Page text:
Fixing Setting & Description Problems starts every workshop with an analysis to pinpoint problem areas and offers multiple revision options in each area. You choose the options that best fit your writing process. It's an easy-to-follow guide to crafting immersive settings and worlds that draw readers into your story and keep them there.

Available in paperback and ebook formats.

Janice Hardy is the award-winning author of the teen fantasy trilogy The Healing Wars, including The Shifter, Blue Fire, and Darkfall from Balzer+Bray/Harper Collins. The Shifter, was chosen for the 2014 list of "Ten Books All Young Georgians Should Read" from the Georgia Center for the Book.

She also writes the Grace Harper urban fantasy series for adults under the name, J.T. Hardy.

When she's not writing novels, she's teaching other writers how to improve their craft. She's the founder of Fiction University and has written multiple books on writing.
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*Originally published February 2015

5 comments:

  1. Hi Janice!

    Great post. Stage direction is one of those little things that can make or break a scene, but few people pay any attention to it. And when they do, they get confused with the whole "show, don't tell" thing.

    I admit this is a part I struggle with. I believe I do well staging actions, but I use it a lot to showcase how my characters are feeling at any given point: small physical clues to act as subtext for the conversation or their actions rather than describing the actions themselves. Problem is, I love doing that, so I always have to be mindful of not going over the top!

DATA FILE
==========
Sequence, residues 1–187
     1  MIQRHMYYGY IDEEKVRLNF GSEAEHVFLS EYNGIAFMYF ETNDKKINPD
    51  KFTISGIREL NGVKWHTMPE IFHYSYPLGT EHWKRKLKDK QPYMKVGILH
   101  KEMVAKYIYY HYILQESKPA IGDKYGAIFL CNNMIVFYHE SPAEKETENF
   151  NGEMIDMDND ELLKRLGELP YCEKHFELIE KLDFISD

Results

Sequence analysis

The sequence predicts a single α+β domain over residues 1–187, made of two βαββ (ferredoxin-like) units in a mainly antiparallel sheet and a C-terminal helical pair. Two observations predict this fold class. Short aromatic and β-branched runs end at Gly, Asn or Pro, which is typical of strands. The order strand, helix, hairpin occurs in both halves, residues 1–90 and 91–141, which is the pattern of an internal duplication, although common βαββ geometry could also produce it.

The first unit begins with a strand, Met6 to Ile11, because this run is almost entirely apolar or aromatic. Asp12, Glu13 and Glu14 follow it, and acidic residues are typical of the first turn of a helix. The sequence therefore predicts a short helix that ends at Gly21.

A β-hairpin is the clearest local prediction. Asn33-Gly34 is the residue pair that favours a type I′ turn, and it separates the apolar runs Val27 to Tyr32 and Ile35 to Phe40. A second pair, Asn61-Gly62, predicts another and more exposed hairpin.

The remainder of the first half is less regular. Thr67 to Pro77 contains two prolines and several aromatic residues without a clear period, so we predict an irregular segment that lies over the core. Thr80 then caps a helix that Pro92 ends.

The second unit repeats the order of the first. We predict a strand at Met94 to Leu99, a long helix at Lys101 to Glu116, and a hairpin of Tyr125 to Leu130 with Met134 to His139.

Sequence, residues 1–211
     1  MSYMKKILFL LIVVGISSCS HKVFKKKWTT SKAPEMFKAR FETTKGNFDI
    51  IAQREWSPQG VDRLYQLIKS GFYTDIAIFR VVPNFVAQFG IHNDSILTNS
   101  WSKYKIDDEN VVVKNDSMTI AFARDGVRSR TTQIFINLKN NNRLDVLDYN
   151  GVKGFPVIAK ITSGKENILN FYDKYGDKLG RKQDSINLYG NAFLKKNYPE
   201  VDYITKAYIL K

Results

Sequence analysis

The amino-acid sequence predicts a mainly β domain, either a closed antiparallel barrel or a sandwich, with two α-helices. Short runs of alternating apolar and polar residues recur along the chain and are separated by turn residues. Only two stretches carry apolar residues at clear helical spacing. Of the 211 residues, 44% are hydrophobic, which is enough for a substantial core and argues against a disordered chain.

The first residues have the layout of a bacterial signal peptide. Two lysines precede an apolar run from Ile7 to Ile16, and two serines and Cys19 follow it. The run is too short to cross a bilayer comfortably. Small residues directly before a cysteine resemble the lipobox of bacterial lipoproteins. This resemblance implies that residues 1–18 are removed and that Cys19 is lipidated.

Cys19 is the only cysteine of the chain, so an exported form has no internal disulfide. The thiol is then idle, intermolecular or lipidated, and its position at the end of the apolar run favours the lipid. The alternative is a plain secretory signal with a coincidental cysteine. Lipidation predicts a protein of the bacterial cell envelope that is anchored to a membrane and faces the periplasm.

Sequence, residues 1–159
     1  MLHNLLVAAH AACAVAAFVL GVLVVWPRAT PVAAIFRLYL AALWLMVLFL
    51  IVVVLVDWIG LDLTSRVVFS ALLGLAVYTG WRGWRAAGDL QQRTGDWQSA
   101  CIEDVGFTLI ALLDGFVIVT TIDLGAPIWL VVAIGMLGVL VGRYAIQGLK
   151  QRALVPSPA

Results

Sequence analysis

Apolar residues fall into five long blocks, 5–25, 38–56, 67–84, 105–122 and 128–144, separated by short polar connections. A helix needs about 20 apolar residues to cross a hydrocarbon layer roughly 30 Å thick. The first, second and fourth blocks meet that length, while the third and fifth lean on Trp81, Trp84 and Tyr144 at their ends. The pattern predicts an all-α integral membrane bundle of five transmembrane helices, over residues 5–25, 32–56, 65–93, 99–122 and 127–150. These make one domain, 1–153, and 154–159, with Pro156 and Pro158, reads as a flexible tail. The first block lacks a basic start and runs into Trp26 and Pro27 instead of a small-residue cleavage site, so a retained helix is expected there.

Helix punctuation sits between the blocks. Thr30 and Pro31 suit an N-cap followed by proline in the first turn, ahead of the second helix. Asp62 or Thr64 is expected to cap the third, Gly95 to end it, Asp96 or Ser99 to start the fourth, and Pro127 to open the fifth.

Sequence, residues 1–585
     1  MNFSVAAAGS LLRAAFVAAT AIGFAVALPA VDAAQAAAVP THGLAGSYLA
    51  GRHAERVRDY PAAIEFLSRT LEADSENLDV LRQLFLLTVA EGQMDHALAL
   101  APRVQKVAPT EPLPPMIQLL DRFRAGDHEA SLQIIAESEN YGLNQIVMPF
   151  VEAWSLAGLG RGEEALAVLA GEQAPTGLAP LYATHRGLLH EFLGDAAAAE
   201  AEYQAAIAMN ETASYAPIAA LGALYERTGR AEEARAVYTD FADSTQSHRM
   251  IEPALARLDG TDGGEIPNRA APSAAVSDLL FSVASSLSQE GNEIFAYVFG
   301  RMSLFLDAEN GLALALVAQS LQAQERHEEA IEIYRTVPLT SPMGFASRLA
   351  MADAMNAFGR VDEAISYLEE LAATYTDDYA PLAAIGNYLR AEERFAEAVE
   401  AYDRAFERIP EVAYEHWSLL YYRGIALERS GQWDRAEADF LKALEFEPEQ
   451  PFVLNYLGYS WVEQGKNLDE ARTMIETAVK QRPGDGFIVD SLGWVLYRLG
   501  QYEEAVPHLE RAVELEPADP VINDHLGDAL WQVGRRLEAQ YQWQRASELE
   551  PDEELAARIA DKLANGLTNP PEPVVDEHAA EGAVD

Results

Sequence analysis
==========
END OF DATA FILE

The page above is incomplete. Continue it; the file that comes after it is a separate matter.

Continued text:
Specially with "looking" and "casual touching". My weak spots!

    Thanks for sharing this post. It was a great way to look at this aspect of the craft with a fresh pair of eyes and a critical point of view.

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  2. Another helpful post. It's so helpful to see all the renditions too!

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  3. This is great. I need help and practice taking my stage direction to this next level of supporting character goal, conflict, etc. So helpful, especially showing the various renditions. More please!! Thank you!

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  4. One year and a half years since you posted this but decided to comment anyway. Amazing (or not) how good advice never gets stale. And why I love link-backs to old posts....

    I have a couple paragraphs on page one that are in bad need of internalization. This post helped enormously!

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    1. That's why I recycle so often. Most of these articles are helpful even if I wrote them ages ago. :)

      Glad it helped!